October 16, 2008 | Leave a Comment

I just read Brett’s blog and thought her idea for a research paper was quite good. I started writing this response on her page, but it got too long and I didn’t want to clutter it, but I’m pretty sure she’ll get an email because I just linked to her blog. The iconography, typography, and visual aesthetic of a film are all very important parts of a film’s poster and fame. Certain fonts are so iconic (Blade Runner, Spiderman, Back to the Future) you can just see a single letter to know what film they came from.

Here’s a game where you guess what film an individual letter comes from (I scored a 30). Anyways…

It would also be fun to analyzes changes in posters through the decades (from classical hollywood to summer blockbuster), or in different parts of the world (Japan, Russia, etc), or how posters get changed for different countries (differences in US posters vs international release). There’s significant variance in how products are depicted from country-to-country and videogames and films are no different. Check out the Japanese (Left) vs. American (Right) covers for Rachet and Clank or Kirby.

I am also a sucker for soviet posters and aesthetic.

Even more applicable to your post is the controversy and reason behind the Zack and Miri poster you presented. I’m not sure if you were aware of the reasoning behind such a simple poster, but the proposed original idea was banned for being too controversial:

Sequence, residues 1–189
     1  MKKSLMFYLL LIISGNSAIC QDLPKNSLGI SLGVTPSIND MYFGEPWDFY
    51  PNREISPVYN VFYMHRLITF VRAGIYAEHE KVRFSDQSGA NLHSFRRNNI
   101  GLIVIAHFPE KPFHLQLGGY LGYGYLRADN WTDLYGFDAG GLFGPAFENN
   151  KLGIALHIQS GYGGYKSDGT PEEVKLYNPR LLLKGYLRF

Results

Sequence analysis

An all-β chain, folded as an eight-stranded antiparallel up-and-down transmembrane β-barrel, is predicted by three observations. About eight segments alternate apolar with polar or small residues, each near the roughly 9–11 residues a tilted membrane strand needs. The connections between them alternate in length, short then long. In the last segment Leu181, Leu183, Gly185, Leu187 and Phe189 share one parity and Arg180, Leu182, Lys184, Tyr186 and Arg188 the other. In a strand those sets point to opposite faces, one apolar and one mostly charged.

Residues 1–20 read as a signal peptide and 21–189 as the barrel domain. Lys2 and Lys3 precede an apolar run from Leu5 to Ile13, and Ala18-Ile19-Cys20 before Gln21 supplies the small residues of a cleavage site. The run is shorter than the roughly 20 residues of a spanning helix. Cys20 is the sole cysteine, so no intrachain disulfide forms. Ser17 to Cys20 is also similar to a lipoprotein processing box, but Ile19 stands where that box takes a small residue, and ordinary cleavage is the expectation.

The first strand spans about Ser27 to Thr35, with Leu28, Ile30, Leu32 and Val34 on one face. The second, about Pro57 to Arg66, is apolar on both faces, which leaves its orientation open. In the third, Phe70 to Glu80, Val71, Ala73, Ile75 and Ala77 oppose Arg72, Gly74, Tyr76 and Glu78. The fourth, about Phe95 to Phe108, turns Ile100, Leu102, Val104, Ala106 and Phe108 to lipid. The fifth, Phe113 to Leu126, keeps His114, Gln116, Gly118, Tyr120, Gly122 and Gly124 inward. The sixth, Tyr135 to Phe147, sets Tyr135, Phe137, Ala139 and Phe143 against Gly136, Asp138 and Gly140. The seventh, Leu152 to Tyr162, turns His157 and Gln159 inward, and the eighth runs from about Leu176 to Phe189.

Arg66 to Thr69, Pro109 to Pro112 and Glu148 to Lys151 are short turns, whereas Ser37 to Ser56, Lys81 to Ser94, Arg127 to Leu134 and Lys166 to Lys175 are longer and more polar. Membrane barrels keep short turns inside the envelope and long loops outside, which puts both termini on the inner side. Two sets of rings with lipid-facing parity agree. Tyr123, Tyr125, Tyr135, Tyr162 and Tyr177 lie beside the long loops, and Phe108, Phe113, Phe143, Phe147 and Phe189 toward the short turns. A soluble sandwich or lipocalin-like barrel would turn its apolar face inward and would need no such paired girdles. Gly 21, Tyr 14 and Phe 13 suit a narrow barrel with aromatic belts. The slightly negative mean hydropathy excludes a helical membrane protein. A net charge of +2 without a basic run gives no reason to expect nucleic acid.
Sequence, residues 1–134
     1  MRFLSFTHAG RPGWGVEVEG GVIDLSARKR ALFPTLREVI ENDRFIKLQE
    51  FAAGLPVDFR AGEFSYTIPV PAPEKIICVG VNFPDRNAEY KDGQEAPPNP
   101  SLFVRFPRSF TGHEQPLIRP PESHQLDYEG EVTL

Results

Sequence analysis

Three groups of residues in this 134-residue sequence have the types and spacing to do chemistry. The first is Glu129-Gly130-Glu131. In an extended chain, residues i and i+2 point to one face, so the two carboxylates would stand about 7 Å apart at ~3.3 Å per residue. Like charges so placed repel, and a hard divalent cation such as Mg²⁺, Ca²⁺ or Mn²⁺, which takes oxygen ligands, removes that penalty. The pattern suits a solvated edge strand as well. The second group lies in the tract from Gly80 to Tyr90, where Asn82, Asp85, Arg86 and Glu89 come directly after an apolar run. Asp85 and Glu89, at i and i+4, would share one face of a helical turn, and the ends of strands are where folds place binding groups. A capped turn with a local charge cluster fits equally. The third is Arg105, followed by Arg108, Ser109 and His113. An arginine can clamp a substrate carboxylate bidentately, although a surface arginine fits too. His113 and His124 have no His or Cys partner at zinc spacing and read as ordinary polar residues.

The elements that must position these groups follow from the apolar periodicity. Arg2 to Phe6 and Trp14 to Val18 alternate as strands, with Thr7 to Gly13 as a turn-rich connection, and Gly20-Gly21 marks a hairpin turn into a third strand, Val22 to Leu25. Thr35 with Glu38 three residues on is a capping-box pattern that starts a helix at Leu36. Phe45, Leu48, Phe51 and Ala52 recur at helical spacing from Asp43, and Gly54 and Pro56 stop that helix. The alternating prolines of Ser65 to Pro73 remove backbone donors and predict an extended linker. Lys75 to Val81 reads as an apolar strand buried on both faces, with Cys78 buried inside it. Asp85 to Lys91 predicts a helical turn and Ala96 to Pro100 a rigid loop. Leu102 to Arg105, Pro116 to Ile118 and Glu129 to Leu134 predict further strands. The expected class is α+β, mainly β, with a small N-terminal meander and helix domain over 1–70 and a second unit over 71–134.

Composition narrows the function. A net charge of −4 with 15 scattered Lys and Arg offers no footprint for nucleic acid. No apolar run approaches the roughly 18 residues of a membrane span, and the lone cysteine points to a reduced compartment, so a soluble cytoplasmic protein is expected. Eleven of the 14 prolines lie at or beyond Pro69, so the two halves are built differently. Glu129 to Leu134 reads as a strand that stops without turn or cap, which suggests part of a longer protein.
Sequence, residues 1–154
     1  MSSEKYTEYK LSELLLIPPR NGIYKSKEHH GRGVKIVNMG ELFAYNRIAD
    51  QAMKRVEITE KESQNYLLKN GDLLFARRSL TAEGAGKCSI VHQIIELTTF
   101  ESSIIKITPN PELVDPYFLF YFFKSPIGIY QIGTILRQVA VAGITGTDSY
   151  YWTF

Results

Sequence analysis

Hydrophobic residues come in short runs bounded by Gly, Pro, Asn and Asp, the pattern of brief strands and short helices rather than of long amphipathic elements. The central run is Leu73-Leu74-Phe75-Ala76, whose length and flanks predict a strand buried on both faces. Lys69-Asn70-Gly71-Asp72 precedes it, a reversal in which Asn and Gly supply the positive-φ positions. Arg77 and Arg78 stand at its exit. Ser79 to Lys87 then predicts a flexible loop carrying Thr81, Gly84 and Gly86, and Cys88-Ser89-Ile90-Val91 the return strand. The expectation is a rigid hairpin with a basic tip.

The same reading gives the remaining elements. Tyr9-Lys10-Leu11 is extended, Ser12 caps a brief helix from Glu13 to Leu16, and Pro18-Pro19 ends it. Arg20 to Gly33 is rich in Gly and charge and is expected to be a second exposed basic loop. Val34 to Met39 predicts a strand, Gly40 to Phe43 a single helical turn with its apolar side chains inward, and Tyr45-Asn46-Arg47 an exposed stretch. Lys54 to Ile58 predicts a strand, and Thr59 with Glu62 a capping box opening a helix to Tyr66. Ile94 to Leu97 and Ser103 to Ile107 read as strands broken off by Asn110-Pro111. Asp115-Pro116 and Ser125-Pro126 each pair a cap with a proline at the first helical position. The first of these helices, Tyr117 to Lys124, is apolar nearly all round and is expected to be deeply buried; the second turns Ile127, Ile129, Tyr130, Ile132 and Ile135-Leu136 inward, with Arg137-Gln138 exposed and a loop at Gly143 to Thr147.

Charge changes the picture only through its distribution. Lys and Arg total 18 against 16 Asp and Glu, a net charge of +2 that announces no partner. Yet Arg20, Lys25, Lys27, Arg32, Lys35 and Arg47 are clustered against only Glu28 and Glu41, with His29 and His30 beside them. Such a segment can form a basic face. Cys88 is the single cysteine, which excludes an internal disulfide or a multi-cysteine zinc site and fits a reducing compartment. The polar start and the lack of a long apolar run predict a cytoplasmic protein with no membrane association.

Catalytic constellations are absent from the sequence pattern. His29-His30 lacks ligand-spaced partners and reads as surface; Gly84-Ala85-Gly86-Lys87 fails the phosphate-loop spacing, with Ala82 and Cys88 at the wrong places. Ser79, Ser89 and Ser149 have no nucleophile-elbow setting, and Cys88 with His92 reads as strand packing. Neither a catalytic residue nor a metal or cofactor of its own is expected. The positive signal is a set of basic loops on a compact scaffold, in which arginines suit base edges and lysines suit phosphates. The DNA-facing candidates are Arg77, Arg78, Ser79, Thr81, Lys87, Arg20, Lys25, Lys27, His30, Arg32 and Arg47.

and they were forced to compromise with this totally tongue-in-cheek striped-down version:

It speaks towards the dual-standard censors have concerning sex and violence.

Even less related is an article i read recently about team colors in group competitive games. A study that analyzed thousands of Unreal Tournament matches showed that the red team won 55% of all games, which is a significant margin over the blue team. Granted, this study doesn’t really prove any causation, but I assume this figure is because the color red is so often a signifier for stopping (stop signs, lights, warnings, etc.) that a milisecond of confusion on a blue players part is enough for the red player to get the jump on him.


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